Cbd also acts as an immune system modulator. Oral and topical CBD may be combined in the treatment of eczema, although research has focused only on topical application. According to the World Health Organization, CBD is “generally well tolerated with a good safety profile”.
Steroid creams contain topical corticosteroids, which are considered a first-line therapy for treating eczema. Topical steroid creams containing up to 1% steroids are available over the counter, in contrast to prescription eczema steroid creams, which contain up to 2.5%.
The creams come in a variety of different types (like betamethasone and hydrocortisone) and dosing instructions vary. Steroid creams, especially at stronger concentrations, can have side effects including thinning of the skin, bruising, and premature aging.
A recent analysis found that although clinical trial evidence suggests that steroid cream can be used safely when used as required to treat eczema flares, the short duration of most studies limits our knowledge of long-term side effects. Steroids work by reducing inflammation, healing lesions, and decreasing relapse rates.
Aloe vera is a plant that grows in dry, hot regions that have been widely used to treat skin problems. Aloe vera contains many chemical compounds that have a pharmacological activity that provides skin protection, including aloesin, aloin, and emodin.
Topical aloe vera has antioxidant and anti-inflammatory activity. Usually, aloe vera gel and extracts are applied to the skin. However, a recent study found that oral aloe vera improved markers of skin health in mice with atopic dermatitis.
Clinical research using aloe vera to treat eczema is limited, although there are many anecdotal reports on the internet that support its use. Aloe vera cream is available without a prescription.
Coconut oil is derived from the meat of the coconut. It contains high levels of fatty acid lauric acid, which has antimicrobial and anti-inflammatory activity. Although there is limited research using coconut oil to treat eczema, it has been shown to be helpful in both children and adults. Coconut oil and creams containing coconut oil do not require a prescription.
What is the Best CBD Cream for Eczema?
Which is the best eczema cream?
Most doctors would agree that before trying a prescription eczema cream, that over-the-counter eczema creams should be explored. All the creams reviewed here have been shown to be effective in the treatment of eczema. Unfortunately, no study has compared different creams to see which works the best. A few considerations that may help you decide what to use are as follows:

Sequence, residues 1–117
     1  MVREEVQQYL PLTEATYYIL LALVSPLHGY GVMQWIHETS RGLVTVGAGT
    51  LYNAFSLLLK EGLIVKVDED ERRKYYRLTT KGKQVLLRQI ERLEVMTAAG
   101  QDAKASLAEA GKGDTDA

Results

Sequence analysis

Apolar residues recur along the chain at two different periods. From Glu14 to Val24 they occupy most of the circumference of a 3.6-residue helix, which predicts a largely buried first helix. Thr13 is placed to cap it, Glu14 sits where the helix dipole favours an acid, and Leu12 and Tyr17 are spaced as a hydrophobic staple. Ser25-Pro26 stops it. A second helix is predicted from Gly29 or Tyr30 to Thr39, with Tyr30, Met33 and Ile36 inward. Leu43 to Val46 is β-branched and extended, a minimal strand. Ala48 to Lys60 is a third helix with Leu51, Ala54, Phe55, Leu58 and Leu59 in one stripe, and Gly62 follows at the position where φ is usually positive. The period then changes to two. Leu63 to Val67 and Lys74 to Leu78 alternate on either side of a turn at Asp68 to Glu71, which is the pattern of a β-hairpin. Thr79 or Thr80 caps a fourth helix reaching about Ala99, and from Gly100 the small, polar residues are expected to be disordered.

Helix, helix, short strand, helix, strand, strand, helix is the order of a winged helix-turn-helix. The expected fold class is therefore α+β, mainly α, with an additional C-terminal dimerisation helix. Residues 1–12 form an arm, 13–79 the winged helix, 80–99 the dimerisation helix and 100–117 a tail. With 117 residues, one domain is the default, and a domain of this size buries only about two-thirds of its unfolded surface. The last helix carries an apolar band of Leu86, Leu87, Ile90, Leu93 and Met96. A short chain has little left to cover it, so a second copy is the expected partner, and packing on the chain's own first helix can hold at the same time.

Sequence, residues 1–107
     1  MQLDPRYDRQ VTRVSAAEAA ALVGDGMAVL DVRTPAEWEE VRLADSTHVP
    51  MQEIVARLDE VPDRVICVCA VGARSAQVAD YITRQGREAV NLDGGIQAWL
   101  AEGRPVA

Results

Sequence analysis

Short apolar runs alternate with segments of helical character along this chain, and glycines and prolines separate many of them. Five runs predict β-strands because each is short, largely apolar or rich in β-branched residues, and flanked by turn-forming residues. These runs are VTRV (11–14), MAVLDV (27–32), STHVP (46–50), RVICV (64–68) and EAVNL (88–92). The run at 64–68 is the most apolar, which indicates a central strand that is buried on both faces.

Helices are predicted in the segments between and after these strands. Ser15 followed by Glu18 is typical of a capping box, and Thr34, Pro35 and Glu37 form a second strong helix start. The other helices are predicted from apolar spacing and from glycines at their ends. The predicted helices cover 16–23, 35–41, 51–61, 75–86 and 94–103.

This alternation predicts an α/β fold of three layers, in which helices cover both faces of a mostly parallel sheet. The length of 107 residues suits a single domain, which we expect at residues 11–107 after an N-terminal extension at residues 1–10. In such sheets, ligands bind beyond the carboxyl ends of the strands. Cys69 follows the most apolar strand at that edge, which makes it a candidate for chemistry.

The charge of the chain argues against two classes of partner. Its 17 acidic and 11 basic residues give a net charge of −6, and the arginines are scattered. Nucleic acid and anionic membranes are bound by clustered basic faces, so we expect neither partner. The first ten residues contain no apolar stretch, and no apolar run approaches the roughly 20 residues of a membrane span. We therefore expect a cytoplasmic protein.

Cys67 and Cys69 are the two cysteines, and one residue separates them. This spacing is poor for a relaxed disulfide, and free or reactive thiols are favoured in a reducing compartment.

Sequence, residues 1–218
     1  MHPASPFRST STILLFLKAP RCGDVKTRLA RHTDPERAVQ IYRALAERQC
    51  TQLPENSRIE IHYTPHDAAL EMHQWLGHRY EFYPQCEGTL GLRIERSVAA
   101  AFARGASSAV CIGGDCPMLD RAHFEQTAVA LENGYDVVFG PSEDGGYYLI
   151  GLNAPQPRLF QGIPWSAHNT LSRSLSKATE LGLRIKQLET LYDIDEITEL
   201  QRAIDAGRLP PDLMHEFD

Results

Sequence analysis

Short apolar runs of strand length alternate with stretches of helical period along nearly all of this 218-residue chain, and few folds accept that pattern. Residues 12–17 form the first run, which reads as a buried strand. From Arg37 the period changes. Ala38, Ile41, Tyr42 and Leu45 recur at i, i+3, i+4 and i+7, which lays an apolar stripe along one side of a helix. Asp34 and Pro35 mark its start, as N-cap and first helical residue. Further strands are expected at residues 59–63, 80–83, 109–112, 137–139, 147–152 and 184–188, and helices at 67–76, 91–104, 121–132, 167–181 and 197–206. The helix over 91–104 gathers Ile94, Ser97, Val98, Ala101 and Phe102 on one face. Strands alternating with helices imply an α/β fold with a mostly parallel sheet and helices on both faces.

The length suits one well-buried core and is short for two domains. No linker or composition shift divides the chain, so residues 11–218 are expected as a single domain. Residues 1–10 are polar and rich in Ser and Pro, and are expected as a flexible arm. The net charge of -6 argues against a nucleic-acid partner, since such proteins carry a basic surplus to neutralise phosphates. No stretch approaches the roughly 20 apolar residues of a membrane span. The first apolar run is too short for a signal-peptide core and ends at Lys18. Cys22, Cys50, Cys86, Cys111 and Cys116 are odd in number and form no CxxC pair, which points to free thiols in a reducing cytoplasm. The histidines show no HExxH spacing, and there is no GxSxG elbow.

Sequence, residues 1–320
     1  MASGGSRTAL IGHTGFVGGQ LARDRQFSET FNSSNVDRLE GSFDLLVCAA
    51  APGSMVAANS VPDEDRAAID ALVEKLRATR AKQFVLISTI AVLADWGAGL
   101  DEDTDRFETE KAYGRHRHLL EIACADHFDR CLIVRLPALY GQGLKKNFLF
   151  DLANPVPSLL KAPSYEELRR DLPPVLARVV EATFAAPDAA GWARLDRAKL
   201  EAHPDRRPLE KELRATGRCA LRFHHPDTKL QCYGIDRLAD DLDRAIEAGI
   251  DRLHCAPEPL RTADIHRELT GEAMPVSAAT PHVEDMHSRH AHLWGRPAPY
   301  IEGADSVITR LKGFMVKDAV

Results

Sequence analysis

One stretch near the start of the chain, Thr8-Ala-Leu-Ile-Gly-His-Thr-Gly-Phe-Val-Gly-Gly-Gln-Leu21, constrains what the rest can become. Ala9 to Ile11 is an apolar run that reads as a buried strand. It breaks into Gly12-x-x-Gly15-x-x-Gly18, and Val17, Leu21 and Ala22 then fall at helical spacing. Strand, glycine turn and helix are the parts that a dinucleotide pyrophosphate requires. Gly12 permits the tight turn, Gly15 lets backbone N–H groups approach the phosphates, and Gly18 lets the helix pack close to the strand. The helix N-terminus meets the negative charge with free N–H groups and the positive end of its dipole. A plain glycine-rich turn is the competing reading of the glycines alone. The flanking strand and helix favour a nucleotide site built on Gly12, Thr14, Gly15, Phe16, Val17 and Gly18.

What part of my body am I treating? Eczema cream for the face should be “non-comedogenic”, which means that it is specially formulated not to block pores. This means that coconut oil, which is highly comedogenic, is not an option for use on the face.
Aloe vera is non-comedogenic and is face friendly. CBD in an oil form should not be used on the face, but when formulated as a cream, will work depending on what other are ingredients present. Some steroid creams are non-comedogenic. For most people, eczema cream for the hands does not need to be non-comedogenic.
What are the other ingredients in the cream? Aloe vera gel and coconut oil are available as pure extract, but usually, these ingredients are mixed with others to make a cream. Similarly, CBD and steroid creams also contain other ingredients.
You should look carefully at what these ingredients are when choosing a product. It is generally accepted that products applied to the skin should be free from parabens, artificial fragrances, sodium lauryl/laureth sulfate, toluene, phthalates, formaldehyde, diethanolamine, and triclosan.
Almost all steroid creams contain some of these ingredients, although there are a few that are formulated with natural ingredients. Some creams may contain more than one of the ingredients described in this article. For example, Fringe’s Mysa cream contains both CBD and aloe vera, as well as other skin-soothing ingredients like jojoba seed oil and shea butter.
Is it a high-quality product? People have different ideas of what constitutes quality, but when it comes to skincare, many consumers are looking for products that contain natural, organic ingredients. In the US, products can be USDA-certified organic if they follow organic regulations.
Quality assurance also comes from verification that a product contains the listed ingredients in the specified amounts. This is evidenced by a Certificate of Analysis (COA), which displays the results of a chemical composition analysis, preferably done by a third-party lab. The CBD and aloe vera in Mysa are certified organic, and the CBD levels are verified on a COA.
The COA also ensures that the product does not contain any residual pesticides, microbes, heavy metals, and solvents. Some people may also prefer products that are not tested on animals.
As we say at Fringe, “It’s Personal!” You may need to try a few products, but if you focus on choosing high-quality products that contain ingredients proven to work you will find the one that works best for you.
The content on this site is for informational and educational purposes only and has not been evaluated by the Food and Drug Administration. It is not intended to provide medical advice or to take the place of medical advice or treatment from a personal physician. All viewers of this content are advised to consult their doctors or qualified health professionals regarding specific health questions or before beginning any nutrition, supplement, or lifestyle program.
Dr. Genevieve Newton, publishers of this content, or Fringe, Inc. takes no responsibility for possible health consequences of any person or persons reading or following the information in this educational content. All viewers of this content, especially those taking prescription or over-the-counter medications, should consult their physicians before beginning any nutrition, supplement or lifestyle program.